This chapter gives a quick introduction to MapDB internal architecture. The rest of this manual assumes that you are familiar with this chapter.
MapDB originally evolved as a store for astronomical desktop applications. Over time it grew into a full database engine with concurrent access, durability etc. But it evolved differently from most DBs, Pentium at 200MHz with 128 MB RAM does not give much space. The major goal was tight integration with Java and to minimize overhead of any sort (garbage collection, memory, CPU, stack trace length…).
What makes MapDB most different is that the serialization lifecycle is very different here. In most DB engines the user has to serialize data himself and pass binary data into db. API that looks similar to this:
engine.update(long recid, byte data);
But MapDB serializes data itself by using a user supplied serializer:
engine.update(long recid, Person data, Serializer<Person> serializer);
So serialization lifecycle is driven by MapDB rather than by the user. This small detail is the reason why MapDB is so flexible. For example the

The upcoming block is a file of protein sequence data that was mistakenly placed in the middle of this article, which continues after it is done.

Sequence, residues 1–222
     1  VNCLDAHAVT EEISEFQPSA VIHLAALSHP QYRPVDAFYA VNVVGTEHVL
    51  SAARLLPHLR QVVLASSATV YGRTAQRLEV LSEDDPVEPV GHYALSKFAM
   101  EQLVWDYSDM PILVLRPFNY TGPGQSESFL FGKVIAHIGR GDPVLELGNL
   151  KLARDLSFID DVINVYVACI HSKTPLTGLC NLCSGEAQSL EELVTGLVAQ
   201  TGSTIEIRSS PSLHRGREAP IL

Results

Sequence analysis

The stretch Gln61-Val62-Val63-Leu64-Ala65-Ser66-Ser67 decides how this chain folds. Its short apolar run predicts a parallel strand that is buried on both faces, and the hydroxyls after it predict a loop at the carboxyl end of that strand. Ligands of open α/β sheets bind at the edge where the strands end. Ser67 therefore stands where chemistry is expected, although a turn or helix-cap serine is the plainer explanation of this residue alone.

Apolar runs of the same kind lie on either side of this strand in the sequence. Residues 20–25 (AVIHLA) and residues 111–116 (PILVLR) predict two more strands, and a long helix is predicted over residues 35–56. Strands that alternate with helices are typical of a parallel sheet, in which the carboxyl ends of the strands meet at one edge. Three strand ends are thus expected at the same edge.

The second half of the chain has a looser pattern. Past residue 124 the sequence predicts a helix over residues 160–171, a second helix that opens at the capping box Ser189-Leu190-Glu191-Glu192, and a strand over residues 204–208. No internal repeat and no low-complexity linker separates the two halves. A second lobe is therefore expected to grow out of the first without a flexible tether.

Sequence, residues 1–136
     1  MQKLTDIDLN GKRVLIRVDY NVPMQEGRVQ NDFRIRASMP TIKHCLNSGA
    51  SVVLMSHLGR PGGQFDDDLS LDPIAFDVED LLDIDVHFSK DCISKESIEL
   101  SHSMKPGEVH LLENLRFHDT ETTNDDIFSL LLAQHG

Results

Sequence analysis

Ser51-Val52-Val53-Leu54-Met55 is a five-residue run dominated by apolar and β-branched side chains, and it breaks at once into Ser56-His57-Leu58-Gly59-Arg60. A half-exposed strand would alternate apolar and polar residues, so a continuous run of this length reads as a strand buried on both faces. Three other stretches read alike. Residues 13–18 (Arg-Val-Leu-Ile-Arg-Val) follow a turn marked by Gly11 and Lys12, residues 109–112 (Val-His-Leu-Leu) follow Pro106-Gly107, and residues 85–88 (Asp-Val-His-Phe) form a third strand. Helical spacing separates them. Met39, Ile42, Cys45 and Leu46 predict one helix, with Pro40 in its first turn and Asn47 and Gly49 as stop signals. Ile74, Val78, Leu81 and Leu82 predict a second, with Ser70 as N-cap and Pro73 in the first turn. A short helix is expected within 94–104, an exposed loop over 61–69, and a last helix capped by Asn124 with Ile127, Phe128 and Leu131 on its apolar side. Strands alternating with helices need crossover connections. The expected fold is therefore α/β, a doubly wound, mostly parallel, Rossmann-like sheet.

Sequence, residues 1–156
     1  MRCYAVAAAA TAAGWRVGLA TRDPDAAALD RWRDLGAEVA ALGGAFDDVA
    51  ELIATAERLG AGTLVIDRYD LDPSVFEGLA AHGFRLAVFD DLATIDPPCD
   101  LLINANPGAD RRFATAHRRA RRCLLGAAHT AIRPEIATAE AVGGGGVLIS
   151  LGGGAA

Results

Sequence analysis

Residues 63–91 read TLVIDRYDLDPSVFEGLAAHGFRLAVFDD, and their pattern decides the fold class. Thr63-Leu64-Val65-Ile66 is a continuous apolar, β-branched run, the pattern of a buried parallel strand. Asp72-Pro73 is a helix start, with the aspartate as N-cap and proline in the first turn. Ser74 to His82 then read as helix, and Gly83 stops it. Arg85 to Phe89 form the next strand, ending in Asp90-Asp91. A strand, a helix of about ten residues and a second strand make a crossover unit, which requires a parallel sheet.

update method could pass the data-serializer pair to background-writer thread and return almost instantly. Or
Person instance could be stored in instance cache, to minimise deserilization overhead on multiple reads.
Person does not even have to be serialized, but could be stored in
Map<Long,Person> map on heap, in this case MapDB has speed comparable to Java Collections.
Colons can be used to align columns.
|Record||Atomically stored value. Usually tree node or similar.|
|Transaction conflicts and locking is usually per record.|
|Index Table||Table which translates recid into real offset and size in physical file.|
|Engine||Primitive key-value store used by collections for storage.|
|Store||Engine implementation which actually persist data. Is wrapped by other Engines.|
|Volume||Abstraction over ByteBuffer or other raw data store. Used for files, memory, partition etc..|
|Slice||Non overlapping pages used in Volume. Slice size is 1MB. Older name was ‘chunk’|
|Direct mode||With disabled transactions, data are written directly into file. It is fast,|
|but store is not protected from corruption during crashes.|
|WAL||Write Ahead Log, way to protect store from corruption if db crashes during write.|
|RAF||Random Access File, way to access data on disk. Safer but slower method.|
|MMap file||memory mapped file. On 32bit platform has size limit around 2GB. Faster than RAF.|